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# Ensemble Forecasts: The Future of Modeling Pandemics?

• Ensemble forecasting is a popular choice to improve predictions.
• The method has been widely used to model various aspects of the current pandemic.
• Ensembles may be our best option to predict future disease outbreaks.

An explosion of Covid-19 literature in the last year has seen a corresponding increase in ensemble forecasting as a tool to model various aspects of the pandemic. Ensemble forecasting combines independently developed modeling groups into one and is widely used to improve predictions. Compared to specialized modeling techniques, ensemble modeling has been shown to be more robust for complex systems like pandemics. It's also better at providing a  complete range of possible outcomes  [2] and performs better when dealing with high-dimension data  [3].

What is an Ensemble Forecast?

Image: Simple example of 3 probabilistic forecasts, each with weight w and probability p. A linear combination of these weighted forecasts leads to one ensemble forecast.

Ensemble forecasting is mostly used to improve performance of any one individual model or reduce the probability of choosing a single poor model from a set. Multiple models with independent projections are combined, resulting in one improved model to guide decision-making. The goal isn't to provide a definite answer, but rather to give simple and informative recommendations [2].

The individual models can be agent-based, compartmental, or statistical. One common method is the multimodel ensemble, the simple combination of a set of models to improve on the prediction capability of a single model. An alternative is to use one single model and perturb, or change, the initial conditions to produce a set of different results. Hurricane projections often use the latter case, with the "spaghetti models" the result of initial perturbations.

There are wide and varying ways to go about this process, including taking a simple average or using linear combinations. Nonlinear weighting schemes improve the accuracy of input models in basic research, while equal‐weighting schemes or simple ensemble averages are usually the method of choice in operational forecasting. More complex approaches include the Ensemble Kalman Filter (EnKF), a Monte Carlo approximation of the Kalman filter which produces better results for nonlinear models with uncertain initial states.

In data science, machine learning algorithms like random forests are popular, as well as bagging, boosting, and stacking.

• Bagging (bootstrap aggregating), which includes random forests, decreases variance in models. Different training data subsets are randomly drawn with replacement. Each subset is then used to train a different classifier—one of the same type. Classifiers are combined by “majority vote”.
• Boosting (for example AdaBoost or Gradient Boosted Decision Tree) decreases bias (error) in models [7]. The final ensemble is created by resampling, which works to provide the most informative training data for consecutive classifiers. Like bagging, these are also combined by majority vote.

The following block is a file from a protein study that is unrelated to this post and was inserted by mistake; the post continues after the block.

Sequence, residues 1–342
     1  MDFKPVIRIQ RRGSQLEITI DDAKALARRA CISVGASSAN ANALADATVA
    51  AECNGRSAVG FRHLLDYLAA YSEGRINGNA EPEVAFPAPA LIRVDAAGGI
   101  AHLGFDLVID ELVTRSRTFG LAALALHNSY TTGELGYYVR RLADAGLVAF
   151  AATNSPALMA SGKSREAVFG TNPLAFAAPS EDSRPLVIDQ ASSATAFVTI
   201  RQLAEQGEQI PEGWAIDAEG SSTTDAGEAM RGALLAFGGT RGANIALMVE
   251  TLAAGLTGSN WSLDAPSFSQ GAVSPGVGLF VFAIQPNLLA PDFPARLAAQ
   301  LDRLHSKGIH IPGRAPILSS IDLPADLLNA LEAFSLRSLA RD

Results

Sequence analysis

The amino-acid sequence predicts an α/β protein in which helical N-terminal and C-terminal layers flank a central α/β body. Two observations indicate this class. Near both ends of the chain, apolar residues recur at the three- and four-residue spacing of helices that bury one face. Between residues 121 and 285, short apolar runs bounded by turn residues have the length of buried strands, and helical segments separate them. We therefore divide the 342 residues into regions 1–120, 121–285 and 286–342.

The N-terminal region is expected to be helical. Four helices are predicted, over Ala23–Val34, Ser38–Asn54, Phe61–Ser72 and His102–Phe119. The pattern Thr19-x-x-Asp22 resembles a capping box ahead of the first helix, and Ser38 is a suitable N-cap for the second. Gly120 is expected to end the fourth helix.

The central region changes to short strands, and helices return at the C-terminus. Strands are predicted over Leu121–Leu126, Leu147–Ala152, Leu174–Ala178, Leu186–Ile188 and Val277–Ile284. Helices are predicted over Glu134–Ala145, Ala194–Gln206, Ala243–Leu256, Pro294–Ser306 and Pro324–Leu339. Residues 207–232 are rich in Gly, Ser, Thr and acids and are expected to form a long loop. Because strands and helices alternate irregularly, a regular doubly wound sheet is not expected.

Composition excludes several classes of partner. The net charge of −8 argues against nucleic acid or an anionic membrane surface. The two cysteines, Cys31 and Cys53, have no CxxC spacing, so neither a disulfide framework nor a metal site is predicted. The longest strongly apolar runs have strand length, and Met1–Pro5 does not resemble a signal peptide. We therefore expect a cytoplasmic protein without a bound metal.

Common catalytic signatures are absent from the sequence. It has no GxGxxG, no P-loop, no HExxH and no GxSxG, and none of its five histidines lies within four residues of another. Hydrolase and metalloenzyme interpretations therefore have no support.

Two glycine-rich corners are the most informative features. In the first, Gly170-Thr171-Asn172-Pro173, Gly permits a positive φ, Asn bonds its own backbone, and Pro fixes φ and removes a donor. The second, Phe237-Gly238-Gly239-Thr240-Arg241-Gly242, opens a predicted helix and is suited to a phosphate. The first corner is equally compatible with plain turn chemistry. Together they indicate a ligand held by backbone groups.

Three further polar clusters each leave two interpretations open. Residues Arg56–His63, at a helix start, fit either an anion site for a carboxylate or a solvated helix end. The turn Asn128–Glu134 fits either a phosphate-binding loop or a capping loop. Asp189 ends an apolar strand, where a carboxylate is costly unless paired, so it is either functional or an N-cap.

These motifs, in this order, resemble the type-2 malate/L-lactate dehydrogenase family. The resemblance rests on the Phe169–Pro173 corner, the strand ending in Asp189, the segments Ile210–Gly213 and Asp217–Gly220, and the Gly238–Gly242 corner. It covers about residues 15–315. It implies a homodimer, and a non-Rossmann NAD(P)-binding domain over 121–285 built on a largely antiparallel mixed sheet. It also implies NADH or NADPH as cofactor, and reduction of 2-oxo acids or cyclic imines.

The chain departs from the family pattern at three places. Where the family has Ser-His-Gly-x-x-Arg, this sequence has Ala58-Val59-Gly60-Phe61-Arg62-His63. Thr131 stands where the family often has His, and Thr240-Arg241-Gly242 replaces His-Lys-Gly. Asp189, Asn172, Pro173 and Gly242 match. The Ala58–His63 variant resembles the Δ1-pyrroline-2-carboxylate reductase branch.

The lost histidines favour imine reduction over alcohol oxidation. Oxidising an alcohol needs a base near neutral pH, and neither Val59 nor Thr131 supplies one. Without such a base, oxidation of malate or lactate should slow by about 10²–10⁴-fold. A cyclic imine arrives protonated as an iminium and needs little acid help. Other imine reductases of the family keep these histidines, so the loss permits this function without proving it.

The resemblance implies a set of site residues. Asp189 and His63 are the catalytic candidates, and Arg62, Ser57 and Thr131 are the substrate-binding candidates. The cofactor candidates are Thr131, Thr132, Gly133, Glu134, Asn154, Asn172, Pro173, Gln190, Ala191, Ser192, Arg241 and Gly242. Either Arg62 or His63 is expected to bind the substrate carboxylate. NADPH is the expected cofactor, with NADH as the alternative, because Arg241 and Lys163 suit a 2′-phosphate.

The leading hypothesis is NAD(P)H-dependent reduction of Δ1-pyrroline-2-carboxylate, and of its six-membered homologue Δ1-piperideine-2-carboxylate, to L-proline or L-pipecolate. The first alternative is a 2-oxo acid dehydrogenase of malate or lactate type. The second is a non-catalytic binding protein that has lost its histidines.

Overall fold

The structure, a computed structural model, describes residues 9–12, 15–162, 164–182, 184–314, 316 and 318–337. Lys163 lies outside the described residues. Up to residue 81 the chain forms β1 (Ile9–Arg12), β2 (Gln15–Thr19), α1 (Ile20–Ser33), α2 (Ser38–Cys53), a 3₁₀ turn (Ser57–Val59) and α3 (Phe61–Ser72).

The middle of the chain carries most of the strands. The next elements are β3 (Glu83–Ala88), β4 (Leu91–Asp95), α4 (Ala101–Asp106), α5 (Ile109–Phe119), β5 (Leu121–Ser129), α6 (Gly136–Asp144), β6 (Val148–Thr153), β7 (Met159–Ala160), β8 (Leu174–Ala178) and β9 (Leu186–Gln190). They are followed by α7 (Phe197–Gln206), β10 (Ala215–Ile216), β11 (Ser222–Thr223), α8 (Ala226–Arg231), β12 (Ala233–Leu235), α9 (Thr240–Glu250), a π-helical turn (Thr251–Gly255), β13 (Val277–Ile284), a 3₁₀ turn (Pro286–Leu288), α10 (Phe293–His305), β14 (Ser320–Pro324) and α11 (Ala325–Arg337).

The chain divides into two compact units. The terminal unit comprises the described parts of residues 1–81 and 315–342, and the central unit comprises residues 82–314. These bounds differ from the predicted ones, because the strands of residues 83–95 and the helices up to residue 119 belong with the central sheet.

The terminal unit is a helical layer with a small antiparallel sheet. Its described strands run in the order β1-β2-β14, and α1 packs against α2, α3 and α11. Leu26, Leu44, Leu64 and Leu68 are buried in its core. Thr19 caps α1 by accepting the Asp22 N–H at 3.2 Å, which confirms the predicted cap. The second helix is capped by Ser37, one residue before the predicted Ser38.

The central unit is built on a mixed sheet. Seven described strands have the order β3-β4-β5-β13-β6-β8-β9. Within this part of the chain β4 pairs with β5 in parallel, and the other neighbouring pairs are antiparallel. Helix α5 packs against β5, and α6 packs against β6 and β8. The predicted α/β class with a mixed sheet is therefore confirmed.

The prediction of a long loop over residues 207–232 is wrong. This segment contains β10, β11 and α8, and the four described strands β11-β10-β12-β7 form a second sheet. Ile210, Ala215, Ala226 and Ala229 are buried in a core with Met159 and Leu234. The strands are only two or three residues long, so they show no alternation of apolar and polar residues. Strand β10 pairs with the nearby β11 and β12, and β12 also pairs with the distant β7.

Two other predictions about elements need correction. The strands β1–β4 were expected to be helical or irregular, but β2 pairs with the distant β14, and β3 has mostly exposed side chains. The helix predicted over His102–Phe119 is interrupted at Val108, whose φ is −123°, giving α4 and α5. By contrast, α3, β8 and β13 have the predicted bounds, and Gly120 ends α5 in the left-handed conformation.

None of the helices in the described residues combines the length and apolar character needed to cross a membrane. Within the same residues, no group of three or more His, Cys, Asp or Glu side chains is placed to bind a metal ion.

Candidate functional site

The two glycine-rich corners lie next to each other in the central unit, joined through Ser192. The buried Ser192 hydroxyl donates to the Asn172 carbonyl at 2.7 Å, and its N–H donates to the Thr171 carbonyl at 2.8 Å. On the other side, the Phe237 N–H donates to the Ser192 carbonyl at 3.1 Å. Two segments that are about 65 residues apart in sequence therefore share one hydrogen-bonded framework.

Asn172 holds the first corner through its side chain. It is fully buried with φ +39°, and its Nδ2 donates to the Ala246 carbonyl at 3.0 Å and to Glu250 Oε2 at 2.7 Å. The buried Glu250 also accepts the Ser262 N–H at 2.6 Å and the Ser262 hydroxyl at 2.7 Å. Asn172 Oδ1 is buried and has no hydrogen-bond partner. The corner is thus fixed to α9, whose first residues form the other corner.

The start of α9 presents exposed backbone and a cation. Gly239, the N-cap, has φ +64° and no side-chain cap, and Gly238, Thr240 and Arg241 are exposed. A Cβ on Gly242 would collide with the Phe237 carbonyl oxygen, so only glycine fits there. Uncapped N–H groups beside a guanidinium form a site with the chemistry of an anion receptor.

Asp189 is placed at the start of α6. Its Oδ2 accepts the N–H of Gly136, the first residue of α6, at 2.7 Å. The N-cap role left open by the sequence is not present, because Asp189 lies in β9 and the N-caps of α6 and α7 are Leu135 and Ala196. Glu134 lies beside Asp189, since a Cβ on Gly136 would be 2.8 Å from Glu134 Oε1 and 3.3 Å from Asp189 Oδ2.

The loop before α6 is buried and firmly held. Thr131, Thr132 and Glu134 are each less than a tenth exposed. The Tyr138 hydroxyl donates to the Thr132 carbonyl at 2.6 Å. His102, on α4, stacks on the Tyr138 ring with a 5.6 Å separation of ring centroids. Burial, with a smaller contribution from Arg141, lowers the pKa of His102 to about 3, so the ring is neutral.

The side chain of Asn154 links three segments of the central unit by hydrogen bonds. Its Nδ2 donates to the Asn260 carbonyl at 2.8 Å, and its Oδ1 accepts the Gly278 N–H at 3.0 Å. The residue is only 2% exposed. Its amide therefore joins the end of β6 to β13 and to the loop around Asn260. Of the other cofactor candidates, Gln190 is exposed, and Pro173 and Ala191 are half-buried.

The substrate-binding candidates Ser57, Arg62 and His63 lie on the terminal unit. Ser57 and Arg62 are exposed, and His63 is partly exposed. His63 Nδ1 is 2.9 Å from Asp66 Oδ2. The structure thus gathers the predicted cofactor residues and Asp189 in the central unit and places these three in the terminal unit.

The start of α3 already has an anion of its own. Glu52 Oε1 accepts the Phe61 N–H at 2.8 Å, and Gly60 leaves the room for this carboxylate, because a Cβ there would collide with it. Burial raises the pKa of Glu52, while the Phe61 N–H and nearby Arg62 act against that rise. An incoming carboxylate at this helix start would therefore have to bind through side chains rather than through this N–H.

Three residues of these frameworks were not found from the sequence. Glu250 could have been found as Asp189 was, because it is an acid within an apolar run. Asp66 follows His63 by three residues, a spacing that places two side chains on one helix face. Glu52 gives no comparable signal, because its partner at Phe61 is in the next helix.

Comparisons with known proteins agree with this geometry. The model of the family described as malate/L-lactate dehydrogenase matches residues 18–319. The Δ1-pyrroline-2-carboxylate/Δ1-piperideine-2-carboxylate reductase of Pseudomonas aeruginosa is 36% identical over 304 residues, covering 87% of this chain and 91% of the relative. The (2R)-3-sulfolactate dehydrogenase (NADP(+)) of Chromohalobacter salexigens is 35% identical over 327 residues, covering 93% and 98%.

• Stacking combines multiple classification or regression models. A learning algorithm is trained to combine predictions from several other learning algorithms.

On the Future of Ensemble Methods for Pandemic Forecasting

At first glance, ensemble forecasts appear to be the solution to some major pitfalls with modeling. For example, it negates the difficult task of choosing a single model from a variety: why choose one when all can be combined? But ensemble modeling itself is relatively new, and using this type of modeling for pandemic data is in its infancy.

Some notable applications from the Covid-19 pandemic (all published in the last year) include:

• Diagnosing COVID-19 from routine blood tests: One study achieved a remarkable accuracy of 99.88% in distinguishing positive from negative cases. [4]
• Modeling COVID-19 transmission:  The study, modeled with data from 17 cities in Hubei province, China, showed remarkable accuracy in modeling the spread of the pandemic. [5]
• Forecasting COVID-19 outbreaks: One study showed that stacked deep ensemble learning models perform better than individual deep learning models, improving the predictive accuracy for confirmed cases. [6]
• Identifying suitable sites for COVID-19 vaccine trials: Data-driven models can contribute to fast-tracking trials in pandemics "where every day counts". [2]

Ensemble modeling has also been used to model various other aspects of infectious diseases like dengue, Ebola, and the flu. [2]

While historical data can be used to provide input data and test results, new variants of Covid-19 (or any other pandemic for that matter) do not behave in the same way as the original strain. Additionally, like all modeling techniques, there are "bad" ensembles and there are "good" ones [8]. The only way to sort the good from the bad is to compare projections subsequently observed data [2]. When lives are at stake, that may not be good enough, but it may be the best we have for now.

References

[3]  Applying Machine Learning Models with An Ensemble Approach for...

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